The claws come out at Suncoast Tiger Bay's State of the Bay event.
The Suncoast Tiger Bay Club’s annual State of the Bay luncheon has become appointment viewing for anyone who enjoys seeing politicians squirm. The nonpartisan civic organization dates back to 1978 but has recently gone through some changes, most notably handing over management duties to the St. Petersburg Group, the company that publishes the St. Pete Catalyst online news source.
What hasn’t changed is group members’ penchant for giving the third degree to Tampa Bay mayors, who for some reason keep showing up at the State of the Bay event to face a barrage of thorny questions about the big issues facing Tampa, St. Petersburg and Clearwater.
The Jan. 9 event, held at the St. Petersburg Yacht Club, was no different. But this time, officials gave as good as they got.
Clearwater Mayor George Cretekos, the lone Republican among the three mayors, was asked whether he would vote for his party’s presidential nominee in November. Initially he demurred, saying as an elected official, the only private vote he gets to cast is on Election Day.
But then Cretekos turned the question around on the audience, insisting the majority of people in the room supported President Donald Trump — as evidenced by the fact that Trump carried Pinellas County in 2016 — but were too embarrassed to admit it.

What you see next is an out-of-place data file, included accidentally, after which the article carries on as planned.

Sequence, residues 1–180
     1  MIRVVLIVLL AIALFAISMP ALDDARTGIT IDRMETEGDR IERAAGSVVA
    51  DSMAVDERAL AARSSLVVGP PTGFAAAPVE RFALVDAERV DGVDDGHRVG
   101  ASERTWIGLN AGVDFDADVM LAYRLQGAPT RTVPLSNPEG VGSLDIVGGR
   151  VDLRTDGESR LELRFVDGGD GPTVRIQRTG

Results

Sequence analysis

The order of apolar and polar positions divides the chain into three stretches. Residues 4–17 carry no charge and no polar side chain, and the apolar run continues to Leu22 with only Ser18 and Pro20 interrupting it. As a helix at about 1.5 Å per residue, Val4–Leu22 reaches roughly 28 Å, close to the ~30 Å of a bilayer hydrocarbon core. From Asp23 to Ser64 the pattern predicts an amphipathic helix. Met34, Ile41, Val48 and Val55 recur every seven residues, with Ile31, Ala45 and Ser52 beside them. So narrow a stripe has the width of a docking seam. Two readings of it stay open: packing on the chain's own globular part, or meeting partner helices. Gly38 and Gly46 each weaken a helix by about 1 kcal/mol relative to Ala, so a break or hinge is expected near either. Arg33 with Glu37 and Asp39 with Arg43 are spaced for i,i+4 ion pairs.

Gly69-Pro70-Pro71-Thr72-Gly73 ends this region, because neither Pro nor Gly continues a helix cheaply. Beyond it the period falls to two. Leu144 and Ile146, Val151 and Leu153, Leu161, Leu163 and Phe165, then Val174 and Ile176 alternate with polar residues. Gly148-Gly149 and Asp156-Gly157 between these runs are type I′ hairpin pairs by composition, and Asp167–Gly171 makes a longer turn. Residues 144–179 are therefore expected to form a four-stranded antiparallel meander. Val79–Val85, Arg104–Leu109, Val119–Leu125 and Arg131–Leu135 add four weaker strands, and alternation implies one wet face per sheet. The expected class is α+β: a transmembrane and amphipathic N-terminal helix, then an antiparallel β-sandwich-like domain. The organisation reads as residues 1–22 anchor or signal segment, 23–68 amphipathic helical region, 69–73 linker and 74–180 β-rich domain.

Boos, jeers and groans of disapproval greeted Cretekos' witty rejoinder.
Later, faced with a question about the Tampa Hillsborough Economic Development Corp.’s unilateral and heavily criticized decision to change its name to the Tampa Bay Economic Development Corp., plus a similar branding change on the part of the Greater Tampa Chamber of Commerce, Tampa Mayor Jane Castor and St. Petersburg Mayor Rick Kriseman did not hold back.
“It’s a lesson in how not to roll something out,” Castor says, adding her recent discussions with both organizations “have not been the nicest.”
Kriseman says applying the “Tampa Bay” brand to organizations that promote only Tampa and Hillsborough is a massive setback to recent efforts to promote the region with one voice — like how Tampa and St. Pete teamed up on a joint bid for Amazon’s second headquarters. “It’s incredibly disappointing and was handled horribly,” he says. “Everybody was blindsided. There was no communication.”
The Tampa Bay Economic Development Corp. declined to comment on the controversy, but Tampa Bay Chamber President and CEO Bob Rohrlack addressed it — from a big-picture standpoint. "We are working on ongoing communication with our partners throughout the bay area," Rohrlack tells Coffee Talk. "We are committed to uniting Tampa Bay regardless of the confusion and feelings about the name change."